• strengthening and facilitating existing mutual cooperation with international jurisdictions in scientific and regulatory areas;
  • addressing the challenges of globalization, new technologies and timely approval of new medicines; and,
  • assessing potential risks associated with health products marketed in Canada.

Health Canada has a long history of cooperation with its international counterparts and organizations. Its engagements have taken many forms ranging from informal information exchanges to multilateral harmonization initiatives. Through the World Self-Medication Industry, Consumer Health Products Canada and the other associations that represent the consumer health products industry in countries around the world work together to provide expertise to their respective governments to help ensure that regulatory practices and standards are aligned with international norms.

Health Canada and its counterparts in the U.S. and the EU have arrangements in place that allow them to exchange information as part of their regulatory and scientific processes, both before and after a health product has been approved. The potential benefits of this exercise include accelerated access of patients and animals to new and innovative health products as well as resource savings and improved regulatory performance and safety as a result of the involvement of the best regulatory expertise from both sides.

Canada is also a participant to Mutual Recognition Agreements (MRAs), covering drug/medicinal products Good Manufacturing Practices (GMP), with the regulatory authorities of Australia, European Community, New Zealand and Switzerland. This means that each country has assessed the GMPs of each of the other jurisdictions and deemed them to be equivalent. Bottom line: if Health Canada has issued a Canadian company an Establishment License (indicating that it meets Canadian GMPs), then it can more easily export products to other countries with whom Canada has an MRA. This relationship is reciprocal. This significantly reduces redundant testing and regulatory oversight, thereby enabling companies to make consumer health products more quickly available to their consumers and at a significantly lower cost.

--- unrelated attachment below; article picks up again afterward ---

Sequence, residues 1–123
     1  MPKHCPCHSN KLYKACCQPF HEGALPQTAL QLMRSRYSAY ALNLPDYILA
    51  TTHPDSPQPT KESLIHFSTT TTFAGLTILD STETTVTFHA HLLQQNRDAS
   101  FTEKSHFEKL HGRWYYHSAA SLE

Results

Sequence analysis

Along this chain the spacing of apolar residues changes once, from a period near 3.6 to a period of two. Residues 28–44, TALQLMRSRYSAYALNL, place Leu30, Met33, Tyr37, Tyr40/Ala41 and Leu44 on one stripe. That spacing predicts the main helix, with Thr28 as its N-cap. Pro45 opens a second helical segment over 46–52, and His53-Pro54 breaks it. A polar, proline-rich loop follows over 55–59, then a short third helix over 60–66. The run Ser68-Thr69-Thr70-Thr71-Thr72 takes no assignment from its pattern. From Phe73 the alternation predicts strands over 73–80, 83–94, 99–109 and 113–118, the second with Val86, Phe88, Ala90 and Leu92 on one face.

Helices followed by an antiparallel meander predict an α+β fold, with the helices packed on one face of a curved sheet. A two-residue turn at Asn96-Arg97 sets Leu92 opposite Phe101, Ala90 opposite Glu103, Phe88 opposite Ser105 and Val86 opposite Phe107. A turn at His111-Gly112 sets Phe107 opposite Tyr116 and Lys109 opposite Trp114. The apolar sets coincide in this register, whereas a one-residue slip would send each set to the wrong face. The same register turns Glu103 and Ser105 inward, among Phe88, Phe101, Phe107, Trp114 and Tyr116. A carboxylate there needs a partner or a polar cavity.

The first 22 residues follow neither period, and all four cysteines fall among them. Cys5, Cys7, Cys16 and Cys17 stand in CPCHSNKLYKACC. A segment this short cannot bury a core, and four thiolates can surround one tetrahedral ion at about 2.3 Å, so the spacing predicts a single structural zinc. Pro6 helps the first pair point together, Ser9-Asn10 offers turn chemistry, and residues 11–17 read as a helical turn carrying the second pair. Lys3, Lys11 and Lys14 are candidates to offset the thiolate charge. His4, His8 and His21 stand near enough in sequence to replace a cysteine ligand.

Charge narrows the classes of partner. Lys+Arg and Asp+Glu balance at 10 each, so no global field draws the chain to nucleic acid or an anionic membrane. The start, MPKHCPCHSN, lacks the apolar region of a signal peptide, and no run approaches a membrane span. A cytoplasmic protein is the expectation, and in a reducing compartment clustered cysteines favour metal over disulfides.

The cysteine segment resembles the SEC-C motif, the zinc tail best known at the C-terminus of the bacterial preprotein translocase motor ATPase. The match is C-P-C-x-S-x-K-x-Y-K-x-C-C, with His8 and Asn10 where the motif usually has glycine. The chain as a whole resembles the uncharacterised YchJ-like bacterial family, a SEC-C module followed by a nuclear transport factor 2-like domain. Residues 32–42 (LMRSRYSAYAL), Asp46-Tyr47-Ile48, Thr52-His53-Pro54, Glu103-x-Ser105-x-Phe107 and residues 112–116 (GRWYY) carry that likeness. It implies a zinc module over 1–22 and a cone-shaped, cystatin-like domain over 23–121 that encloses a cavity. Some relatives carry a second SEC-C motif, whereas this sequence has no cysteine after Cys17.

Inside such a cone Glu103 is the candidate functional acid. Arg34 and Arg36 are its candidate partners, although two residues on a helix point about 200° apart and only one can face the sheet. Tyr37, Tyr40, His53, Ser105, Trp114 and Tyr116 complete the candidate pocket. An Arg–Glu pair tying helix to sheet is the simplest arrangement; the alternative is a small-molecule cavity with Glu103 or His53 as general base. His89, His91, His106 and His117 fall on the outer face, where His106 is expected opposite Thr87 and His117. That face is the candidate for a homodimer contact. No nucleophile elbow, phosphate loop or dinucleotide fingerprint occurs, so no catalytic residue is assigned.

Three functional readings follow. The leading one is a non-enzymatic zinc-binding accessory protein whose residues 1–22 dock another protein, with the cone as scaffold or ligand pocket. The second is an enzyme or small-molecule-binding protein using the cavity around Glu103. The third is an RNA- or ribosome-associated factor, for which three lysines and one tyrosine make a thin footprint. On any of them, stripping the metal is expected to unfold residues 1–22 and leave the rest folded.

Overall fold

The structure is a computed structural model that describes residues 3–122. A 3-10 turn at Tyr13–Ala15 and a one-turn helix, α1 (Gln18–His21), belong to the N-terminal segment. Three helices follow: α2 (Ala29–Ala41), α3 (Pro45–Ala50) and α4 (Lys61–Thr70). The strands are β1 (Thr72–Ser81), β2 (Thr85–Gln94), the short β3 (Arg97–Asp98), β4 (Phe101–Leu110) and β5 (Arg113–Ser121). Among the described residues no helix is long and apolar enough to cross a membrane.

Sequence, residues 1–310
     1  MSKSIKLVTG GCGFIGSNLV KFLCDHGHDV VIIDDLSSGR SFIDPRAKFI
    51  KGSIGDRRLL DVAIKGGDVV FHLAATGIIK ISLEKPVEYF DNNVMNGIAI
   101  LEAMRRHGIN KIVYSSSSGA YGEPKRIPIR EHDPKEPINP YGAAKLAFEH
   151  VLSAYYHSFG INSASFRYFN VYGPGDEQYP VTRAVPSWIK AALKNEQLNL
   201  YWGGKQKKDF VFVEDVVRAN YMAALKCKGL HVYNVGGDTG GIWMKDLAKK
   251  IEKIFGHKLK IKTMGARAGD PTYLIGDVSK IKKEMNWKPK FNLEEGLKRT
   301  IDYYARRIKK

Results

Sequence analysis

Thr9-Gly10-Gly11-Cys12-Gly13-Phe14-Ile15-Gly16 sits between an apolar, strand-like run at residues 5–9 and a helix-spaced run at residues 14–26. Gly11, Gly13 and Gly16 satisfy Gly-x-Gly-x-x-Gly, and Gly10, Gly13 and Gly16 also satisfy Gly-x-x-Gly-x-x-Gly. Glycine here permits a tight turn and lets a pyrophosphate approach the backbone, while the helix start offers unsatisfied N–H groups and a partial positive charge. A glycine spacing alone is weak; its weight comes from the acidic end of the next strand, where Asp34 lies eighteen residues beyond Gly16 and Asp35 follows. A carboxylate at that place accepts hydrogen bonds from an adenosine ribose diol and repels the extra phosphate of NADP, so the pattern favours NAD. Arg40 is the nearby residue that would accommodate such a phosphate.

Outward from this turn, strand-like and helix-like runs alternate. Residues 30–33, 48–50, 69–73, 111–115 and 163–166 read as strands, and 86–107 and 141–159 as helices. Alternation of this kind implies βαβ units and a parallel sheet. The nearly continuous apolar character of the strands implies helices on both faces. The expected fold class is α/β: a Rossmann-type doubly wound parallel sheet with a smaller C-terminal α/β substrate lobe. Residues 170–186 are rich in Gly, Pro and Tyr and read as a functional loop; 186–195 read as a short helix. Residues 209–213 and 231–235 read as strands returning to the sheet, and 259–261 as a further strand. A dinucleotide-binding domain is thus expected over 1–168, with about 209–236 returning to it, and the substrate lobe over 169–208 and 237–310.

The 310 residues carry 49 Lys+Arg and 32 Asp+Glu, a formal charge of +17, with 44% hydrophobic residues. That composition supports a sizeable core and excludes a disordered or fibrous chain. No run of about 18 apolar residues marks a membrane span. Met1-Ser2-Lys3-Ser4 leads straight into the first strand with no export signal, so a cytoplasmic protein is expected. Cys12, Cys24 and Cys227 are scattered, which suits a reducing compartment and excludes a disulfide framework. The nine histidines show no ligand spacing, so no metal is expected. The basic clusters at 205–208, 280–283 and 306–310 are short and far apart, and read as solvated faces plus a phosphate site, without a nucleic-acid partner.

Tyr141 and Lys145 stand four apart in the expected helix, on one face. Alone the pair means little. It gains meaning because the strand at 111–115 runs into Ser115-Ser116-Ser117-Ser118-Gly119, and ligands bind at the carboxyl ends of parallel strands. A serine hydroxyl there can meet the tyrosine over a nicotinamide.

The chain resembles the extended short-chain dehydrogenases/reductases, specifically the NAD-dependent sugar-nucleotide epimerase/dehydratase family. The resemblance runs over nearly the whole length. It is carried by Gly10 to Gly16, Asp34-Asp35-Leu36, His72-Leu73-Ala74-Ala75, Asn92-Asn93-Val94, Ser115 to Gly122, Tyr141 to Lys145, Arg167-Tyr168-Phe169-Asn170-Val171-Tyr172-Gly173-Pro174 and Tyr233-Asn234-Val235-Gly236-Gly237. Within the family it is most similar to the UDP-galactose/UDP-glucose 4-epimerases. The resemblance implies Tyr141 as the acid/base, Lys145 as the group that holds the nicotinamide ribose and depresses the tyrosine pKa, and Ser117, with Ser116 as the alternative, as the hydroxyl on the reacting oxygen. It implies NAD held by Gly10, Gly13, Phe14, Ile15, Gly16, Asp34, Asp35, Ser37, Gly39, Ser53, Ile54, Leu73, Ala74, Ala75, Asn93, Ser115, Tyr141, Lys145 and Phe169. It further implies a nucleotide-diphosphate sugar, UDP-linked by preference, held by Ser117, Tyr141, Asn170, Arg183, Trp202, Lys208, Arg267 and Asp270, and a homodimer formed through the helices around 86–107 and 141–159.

Actually, many of CHP Canada's member companies manufacture to a higher standard than is required. CHP Canada pointed out to Health Canada that the MRA specifies that Canadian companies exporting products must have valid Establishment Licenses and the products must have Certificates of Pharmaceutical Product (CPP). When the new Natural Health Products Regulations came into effect, they required companies to hold a Site License with their own GMP requirements. Most of CHP Canada's members were already manufacturing to GMPs for drugs so the Association was able to gain the government's approval to allow NHP companies that either used to hold an Establishment License or still do, to receive Certificates of Pharmaceutical Product for their products enabling them to continue exporting their natural health products to MRA countries.